The Staff Association represents a wide variety of CSIRO workers across Australia, including regional New South Wales. Earlier this month a union delegation hit the road and visited CSIRO staff at Parkes, Coonabarabran, Myall Vale and Narrabri.
“It’s great to get out and visit CSIRO sites in the country,” Staff Association Secretary Sam Popovski said.
“The work of Staff Association members is so impressive and the unique connection of CSIRO research with local communities and industries is something special.”
New South Wales representative Mike Collins and organiser Lachlan McSpedden also went along to hear from members and be inspired at each site.
With a combined operating time over nearly a century, it may come as a surprise to some that the Parkes telescope and Narrabri Paul Wild Observatory continue to drive developments in radio astronomy and sensor array technology.
“There’s not only the great sense of a proud legacy in terms of scientific achievement but a desire to keep pushing for future breakthroughs in research,” NSW Councillor Mike Collins said.
These sites have been working in conjunction with Sydney’s Marsfield laboratory to continue their important contribution to global astronomy. The development of the ultra-wideband receiver is an example of the in-house research and development that is coming out of collaborative work between these sites.
CSIRO staff talked about some of the challenges of maintaining these facilities. Parkes and Narrabri – run on a team of approximately twenty people – punch above their operational weight. Staff Association members reflected on the challenge of maintaining the unique telescopes while still fulfilling research and operational milestones.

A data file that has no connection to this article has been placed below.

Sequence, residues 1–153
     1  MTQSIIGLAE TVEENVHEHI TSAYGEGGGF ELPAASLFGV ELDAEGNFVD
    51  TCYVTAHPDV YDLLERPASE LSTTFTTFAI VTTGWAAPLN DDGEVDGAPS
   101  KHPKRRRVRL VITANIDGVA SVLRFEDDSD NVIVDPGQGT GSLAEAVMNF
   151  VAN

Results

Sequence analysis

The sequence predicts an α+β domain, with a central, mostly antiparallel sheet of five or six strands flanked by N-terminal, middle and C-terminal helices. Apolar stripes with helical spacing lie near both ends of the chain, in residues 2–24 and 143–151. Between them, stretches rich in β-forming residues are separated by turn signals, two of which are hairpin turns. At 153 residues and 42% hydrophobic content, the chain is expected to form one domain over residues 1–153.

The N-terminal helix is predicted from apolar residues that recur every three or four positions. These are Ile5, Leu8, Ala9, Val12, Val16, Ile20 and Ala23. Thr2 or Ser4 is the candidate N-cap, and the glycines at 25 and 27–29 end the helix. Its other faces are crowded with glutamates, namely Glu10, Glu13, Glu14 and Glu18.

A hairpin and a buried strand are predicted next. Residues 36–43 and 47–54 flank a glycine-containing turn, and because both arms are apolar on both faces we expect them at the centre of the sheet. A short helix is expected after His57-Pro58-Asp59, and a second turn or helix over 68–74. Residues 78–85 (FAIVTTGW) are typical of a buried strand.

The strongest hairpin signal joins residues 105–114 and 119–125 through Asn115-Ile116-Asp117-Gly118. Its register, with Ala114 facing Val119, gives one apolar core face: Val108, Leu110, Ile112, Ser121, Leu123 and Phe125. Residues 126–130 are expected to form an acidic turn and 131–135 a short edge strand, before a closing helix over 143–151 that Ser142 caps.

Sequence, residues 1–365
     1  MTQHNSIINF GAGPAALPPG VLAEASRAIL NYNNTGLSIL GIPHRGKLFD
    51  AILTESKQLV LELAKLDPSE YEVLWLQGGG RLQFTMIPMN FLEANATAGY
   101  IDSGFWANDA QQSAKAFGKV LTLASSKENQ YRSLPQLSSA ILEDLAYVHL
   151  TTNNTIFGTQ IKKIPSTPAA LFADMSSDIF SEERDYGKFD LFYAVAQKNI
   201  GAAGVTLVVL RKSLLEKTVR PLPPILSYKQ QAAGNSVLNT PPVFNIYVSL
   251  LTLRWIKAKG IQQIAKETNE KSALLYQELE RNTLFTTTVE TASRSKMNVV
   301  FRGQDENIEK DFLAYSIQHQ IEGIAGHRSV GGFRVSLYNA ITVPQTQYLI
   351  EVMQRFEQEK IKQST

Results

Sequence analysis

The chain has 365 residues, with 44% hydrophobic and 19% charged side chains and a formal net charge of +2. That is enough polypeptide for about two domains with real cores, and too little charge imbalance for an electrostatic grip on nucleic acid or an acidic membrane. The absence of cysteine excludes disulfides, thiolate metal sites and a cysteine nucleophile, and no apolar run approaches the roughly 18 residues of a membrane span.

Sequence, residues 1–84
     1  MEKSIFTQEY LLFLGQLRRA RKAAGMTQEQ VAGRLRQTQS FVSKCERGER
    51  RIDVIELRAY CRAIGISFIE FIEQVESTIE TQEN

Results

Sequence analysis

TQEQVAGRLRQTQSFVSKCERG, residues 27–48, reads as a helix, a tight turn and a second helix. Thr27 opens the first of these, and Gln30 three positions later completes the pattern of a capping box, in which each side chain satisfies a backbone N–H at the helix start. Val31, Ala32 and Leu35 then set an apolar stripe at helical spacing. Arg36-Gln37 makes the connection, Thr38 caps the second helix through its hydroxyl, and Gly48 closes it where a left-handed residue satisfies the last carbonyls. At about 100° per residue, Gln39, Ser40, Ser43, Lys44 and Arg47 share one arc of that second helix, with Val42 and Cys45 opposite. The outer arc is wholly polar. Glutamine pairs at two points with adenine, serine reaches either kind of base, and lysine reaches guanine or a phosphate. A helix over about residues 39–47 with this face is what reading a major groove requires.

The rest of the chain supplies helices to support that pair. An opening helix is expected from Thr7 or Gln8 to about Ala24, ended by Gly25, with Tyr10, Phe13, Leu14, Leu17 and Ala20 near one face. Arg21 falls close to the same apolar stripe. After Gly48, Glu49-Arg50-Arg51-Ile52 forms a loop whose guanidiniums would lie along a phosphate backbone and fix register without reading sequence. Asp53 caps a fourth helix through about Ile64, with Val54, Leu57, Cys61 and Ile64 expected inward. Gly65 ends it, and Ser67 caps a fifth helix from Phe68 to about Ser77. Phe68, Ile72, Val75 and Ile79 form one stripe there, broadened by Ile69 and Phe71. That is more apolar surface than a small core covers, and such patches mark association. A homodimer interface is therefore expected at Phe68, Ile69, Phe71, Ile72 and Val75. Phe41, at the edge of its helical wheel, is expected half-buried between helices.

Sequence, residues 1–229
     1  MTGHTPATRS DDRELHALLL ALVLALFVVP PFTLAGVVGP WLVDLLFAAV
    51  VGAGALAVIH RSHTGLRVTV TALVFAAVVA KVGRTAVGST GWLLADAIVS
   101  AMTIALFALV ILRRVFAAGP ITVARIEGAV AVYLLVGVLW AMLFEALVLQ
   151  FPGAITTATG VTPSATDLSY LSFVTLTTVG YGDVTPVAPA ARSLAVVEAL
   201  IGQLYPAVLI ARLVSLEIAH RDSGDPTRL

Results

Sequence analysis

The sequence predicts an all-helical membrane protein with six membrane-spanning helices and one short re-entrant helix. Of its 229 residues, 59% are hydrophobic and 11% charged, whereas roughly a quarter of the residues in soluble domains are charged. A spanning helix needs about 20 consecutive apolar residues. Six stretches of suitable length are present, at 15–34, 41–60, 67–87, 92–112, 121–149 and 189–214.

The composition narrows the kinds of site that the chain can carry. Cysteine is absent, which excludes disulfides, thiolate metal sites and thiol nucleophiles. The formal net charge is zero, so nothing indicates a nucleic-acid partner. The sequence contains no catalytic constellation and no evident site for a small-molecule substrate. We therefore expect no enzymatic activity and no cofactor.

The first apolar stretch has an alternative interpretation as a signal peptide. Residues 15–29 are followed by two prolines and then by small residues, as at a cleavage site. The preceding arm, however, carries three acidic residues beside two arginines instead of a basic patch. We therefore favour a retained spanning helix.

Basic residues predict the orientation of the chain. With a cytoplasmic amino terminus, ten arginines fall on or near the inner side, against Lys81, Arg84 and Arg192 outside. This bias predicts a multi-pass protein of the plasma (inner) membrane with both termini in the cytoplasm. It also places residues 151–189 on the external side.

Changes in astronomy
The Australian Astronomical Observatory (AAO) at Coonabarabran is being transferred out of the Department of Industry Innovation and Science with an operational takeover by a University Consortium led by the Australian National University.
The Department has been working to communicate the changes to staff throughout and while there is a commitment to maintaining the facility and its functions; the employment conditions of staff are not yet determined.
Staff Association members in AAO are concerned that there will be significant changes to how they are employed at ANU, which may result in lost access to redundancy, consultation and general notice period rights.
“The Staff Association will continue to work with our members in AAO to voice their views and represent them in this process,” NSW Organiser Lachlan McSpedden said.
Making progress in the workplace
The meeting at the Myall Vale cotton research institute included a discussion on the challenges that technical staff in CSIRO face in promotion cases. A lack of positions to be promoted into, despite work being performed at a higher level, was a major factor highlighted by members.
While there were some practical suggestions on strategies to win cases for promotion, it is clear that the development of technical staff pathways at CSIRO is an issue that the Staff Association should advance.